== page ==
Bill on the return of Bill’s restaurants: ‘Our customers have supported us through thick and thin’

We speak to Bill of Bill’s restaurants as the Sussex business prepares to reopen this weekend.

Tuesday, 30th June 2020, 2:38 pm
Updated Tuesday, 30th June 2020, 2:58 pm
Bill Collison of Bill's SUS-200630-122046001

Bill Collison talks to us from his restaurant in Lewes, where it all began.

He says these extraordinary times have taken him back to another moment of crisis, when his small greengrocer was wiped out by a flood in October 2000.

“It’s taken me back 20 years,” he said, “It’s nowhere near as serious but when Lewes was flooded we lost our house, it enabled us to start again and make more space.”

Bill's SUS-200630-121637001

Without that adversity, he says, Bill’s may never have become what it is today.

And the coronavirus pandemic has also prompted a reinvigoration of the business.

Bill said, “It gave us an opportunity to repaint and give it a bit of love. I can’t wait to make something positive out of the negative that’s gone on.

“I’m very confident and excited, but also nervous.”

Bill's SUS-200630-121518001

On Saturday (July 4), Bill’s will be opening its restaurant in Lewes, with plans to reopen soon in Eastbourne, Brighton, Horsham, and Chichester.

He said, “We are only opening six Bill’s at the moment because we want to do it properly. We are going to do our best.

“All of us are working flat out to get this business back to where it was and improve it.”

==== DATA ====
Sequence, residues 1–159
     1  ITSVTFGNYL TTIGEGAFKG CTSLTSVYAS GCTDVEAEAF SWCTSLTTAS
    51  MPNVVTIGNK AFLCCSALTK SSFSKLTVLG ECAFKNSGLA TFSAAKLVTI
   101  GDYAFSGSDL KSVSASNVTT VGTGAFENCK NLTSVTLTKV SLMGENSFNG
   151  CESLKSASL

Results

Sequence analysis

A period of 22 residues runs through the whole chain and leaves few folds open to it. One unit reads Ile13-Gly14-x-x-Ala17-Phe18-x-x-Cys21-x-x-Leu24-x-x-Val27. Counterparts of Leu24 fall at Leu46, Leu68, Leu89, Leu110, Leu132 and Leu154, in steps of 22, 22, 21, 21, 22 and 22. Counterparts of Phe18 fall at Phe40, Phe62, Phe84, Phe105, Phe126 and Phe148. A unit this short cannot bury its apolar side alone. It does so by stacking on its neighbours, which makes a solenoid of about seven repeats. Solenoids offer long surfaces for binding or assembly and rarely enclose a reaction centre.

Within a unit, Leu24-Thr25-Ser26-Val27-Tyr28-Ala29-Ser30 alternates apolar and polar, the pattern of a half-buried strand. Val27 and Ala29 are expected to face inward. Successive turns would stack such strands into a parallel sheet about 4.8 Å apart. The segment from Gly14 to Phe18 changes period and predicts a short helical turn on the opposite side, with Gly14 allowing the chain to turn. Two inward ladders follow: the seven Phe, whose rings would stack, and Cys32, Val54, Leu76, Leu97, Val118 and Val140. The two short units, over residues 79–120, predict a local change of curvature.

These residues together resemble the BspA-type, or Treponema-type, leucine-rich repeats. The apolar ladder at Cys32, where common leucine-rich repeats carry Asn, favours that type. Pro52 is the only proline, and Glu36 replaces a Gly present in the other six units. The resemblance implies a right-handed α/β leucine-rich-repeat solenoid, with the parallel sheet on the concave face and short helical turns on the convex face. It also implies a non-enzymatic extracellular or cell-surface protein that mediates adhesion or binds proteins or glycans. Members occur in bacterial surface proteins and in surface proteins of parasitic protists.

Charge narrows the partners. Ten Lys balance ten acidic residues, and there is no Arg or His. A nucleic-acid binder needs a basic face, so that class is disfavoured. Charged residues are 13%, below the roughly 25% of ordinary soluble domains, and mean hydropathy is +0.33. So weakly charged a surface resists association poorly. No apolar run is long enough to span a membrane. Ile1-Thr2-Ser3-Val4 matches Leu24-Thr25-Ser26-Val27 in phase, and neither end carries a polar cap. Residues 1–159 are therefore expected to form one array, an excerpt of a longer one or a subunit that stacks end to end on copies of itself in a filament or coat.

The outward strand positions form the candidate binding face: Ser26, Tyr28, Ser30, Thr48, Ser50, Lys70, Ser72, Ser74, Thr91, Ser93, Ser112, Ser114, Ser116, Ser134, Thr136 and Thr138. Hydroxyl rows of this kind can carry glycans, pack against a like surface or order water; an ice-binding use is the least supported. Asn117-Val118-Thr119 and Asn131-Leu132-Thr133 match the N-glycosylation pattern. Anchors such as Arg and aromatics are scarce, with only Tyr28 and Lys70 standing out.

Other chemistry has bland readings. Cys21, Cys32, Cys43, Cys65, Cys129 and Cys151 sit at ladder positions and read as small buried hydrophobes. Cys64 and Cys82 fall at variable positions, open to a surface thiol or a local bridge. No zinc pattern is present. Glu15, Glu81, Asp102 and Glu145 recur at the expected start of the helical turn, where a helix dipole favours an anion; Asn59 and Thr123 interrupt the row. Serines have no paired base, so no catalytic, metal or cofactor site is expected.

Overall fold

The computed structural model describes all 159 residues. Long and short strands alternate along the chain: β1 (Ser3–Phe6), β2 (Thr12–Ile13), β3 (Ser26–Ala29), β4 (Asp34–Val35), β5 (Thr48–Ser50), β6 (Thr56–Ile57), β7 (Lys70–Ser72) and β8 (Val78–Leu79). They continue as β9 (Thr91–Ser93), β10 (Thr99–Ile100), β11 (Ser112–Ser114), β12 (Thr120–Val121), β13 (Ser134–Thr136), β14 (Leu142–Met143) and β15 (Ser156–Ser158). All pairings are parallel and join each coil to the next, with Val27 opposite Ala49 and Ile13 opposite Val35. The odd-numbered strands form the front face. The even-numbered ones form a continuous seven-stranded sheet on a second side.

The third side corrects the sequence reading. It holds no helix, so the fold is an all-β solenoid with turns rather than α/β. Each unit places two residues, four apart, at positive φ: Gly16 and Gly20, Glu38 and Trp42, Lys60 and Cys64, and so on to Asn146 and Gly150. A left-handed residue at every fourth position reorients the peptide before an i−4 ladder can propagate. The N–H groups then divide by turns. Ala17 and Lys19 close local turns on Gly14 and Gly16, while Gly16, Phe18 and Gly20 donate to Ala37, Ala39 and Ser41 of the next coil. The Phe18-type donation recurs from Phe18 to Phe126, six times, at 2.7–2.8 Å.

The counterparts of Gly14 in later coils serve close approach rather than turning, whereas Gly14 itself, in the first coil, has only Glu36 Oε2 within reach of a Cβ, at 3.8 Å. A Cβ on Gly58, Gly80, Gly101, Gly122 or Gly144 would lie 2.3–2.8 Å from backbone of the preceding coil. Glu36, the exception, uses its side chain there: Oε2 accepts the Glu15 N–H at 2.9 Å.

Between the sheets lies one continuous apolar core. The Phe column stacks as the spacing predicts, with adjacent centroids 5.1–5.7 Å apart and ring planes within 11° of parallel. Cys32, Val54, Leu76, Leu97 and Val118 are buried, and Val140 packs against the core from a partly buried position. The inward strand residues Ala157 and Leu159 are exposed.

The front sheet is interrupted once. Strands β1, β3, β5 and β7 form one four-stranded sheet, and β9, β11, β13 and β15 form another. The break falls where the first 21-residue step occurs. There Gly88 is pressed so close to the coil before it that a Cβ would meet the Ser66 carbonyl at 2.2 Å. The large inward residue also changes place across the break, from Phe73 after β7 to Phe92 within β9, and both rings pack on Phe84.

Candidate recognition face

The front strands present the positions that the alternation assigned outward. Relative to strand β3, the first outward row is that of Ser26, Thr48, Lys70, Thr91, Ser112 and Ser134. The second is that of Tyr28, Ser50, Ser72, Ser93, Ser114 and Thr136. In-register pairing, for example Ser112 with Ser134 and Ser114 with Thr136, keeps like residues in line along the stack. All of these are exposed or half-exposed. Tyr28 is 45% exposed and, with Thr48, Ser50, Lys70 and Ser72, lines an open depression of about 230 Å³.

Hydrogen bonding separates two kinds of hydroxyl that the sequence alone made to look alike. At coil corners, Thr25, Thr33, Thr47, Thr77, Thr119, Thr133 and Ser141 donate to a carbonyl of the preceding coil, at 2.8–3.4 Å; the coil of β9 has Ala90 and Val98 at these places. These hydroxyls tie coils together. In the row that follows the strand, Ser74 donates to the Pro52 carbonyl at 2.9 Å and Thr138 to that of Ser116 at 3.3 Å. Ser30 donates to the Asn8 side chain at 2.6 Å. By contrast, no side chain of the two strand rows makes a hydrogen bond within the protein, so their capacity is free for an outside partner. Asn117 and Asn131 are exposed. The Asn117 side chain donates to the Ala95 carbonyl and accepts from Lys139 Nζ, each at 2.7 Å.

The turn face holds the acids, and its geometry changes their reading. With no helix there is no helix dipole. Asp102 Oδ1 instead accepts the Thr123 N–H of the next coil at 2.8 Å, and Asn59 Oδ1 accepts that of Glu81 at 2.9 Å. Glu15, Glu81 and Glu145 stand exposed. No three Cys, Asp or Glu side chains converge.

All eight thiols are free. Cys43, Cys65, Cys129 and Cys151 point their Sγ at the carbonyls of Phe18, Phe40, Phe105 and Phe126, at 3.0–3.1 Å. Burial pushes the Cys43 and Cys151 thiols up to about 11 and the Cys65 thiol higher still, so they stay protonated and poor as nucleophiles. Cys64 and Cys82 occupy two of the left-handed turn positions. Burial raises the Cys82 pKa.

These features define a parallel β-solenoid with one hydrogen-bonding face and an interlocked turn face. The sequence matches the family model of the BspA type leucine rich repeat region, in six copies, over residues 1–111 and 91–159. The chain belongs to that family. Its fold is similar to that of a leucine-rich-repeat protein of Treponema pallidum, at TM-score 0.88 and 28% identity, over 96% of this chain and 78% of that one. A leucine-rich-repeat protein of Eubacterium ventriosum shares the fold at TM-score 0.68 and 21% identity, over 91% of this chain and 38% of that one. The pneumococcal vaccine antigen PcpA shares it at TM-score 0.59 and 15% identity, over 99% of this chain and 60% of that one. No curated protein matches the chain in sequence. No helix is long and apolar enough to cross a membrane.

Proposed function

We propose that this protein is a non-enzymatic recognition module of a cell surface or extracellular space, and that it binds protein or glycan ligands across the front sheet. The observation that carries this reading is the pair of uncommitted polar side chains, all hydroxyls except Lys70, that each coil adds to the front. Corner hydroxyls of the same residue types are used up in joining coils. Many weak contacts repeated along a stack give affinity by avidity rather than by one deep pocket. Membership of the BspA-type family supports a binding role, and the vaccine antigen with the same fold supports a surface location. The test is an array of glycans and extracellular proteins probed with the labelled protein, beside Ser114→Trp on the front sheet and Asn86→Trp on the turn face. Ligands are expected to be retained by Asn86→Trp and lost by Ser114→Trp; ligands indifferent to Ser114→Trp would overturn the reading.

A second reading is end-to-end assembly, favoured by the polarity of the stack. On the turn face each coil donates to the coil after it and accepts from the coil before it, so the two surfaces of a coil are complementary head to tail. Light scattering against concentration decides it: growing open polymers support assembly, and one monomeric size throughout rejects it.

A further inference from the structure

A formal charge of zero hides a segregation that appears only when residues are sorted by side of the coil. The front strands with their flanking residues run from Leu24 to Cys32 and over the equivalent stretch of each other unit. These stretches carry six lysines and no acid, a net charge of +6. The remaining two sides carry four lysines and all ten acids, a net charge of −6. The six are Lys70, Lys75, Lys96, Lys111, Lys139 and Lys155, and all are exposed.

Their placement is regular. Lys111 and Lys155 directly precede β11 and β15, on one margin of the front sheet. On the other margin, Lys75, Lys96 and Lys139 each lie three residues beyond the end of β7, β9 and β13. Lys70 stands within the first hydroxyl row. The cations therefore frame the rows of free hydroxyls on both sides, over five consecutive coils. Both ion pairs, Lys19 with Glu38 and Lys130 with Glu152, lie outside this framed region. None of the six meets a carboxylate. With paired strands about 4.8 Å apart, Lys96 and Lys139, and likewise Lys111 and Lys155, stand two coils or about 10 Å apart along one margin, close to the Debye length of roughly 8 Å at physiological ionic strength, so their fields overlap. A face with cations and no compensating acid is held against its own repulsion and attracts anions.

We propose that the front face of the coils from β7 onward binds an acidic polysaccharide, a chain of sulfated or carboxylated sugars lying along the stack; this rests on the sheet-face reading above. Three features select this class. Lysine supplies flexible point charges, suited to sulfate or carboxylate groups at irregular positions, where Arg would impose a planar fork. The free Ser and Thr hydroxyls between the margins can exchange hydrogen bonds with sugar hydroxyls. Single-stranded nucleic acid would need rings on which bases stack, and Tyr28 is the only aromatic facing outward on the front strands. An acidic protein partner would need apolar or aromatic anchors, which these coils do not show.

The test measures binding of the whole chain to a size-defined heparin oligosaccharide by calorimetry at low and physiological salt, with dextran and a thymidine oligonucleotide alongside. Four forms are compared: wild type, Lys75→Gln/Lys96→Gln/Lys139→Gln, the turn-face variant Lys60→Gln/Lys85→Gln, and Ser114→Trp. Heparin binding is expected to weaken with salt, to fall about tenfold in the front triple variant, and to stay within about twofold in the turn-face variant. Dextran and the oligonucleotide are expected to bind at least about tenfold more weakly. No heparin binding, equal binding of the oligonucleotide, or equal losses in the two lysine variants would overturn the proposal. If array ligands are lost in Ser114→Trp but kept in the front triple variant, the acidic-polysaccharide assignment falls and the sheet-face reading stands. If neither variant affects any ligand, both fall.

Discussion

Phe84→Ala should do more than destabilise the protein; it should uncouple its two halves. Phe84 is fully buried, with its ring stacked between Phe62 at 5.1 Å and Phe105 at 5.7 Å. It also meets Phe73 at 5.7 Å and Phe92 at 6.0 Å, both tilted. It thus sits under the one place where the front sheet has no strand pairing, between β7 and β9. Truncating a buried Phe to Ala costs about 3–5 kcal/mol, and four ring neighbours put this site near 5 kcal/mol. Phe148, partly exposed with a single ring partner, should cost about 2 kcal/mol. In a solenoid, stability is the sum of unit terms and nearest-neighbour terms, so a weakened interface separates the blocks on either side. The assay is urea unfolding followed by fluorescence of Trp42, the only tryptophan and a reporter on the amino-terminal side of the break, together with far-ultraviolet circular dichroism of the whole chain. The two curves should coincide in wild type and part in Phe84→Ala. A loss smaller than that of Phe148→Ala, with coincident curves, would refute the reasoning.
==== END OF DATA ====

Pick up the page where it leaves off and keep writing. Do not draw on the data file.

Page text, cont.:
There will be new safety measures in place – such as one-metre distancing and customers and staff being temperature-checked on arrival.

Bill's SUS-200630-121557001

“It’s just to give people that comfort of knowing we are making an effort,” said Bill, “That’s a major thing.

“We had to try and protect everyone and make sure the business gets back to normal as quickly as we can, while following government guidelines.

“Bill’s is all about the experience, the look and feel of things. It’s hard to do that without taking that away.

“I have tried not to put plastic screens everywhere, but give people privacy with more plants, vegetable plants.

“It’s keeping to the guidelines but making it slightly different and still exciting and giving that ‘wow’, that type of area you want to take a picture of because it looks fun.”

Bill’s started out as a small greengrocery, where what he didn’t sell he would turn into soup, quiches, or pies.

Eventually that evolved into a cafe, then restaurant, then a whole chain of restaurants across Sussex and beyond.

But Sussex, and particularly Lewes, is where Bill’s heart is.

He said, “In adversity our local customers have supported us through thick and thin. Sussex is the most wonderful place. It’s got the Downs, it’s got the sea, it’s got the hills and the forest.”

The born and bred Lewesian, who now lives in a village just outside the town, said, “I’m proud of Lewes, it’s in my blood. I wouldn’t want to be anywhere else.

“I want people to know how much I care for this business and this town. I care for Lewes. It means so much to me.

“It’s been my whole life. I have got my three boys, my wife, and Bill’s. I’ll battle through and I’m sure we will come out of this as best as we can.”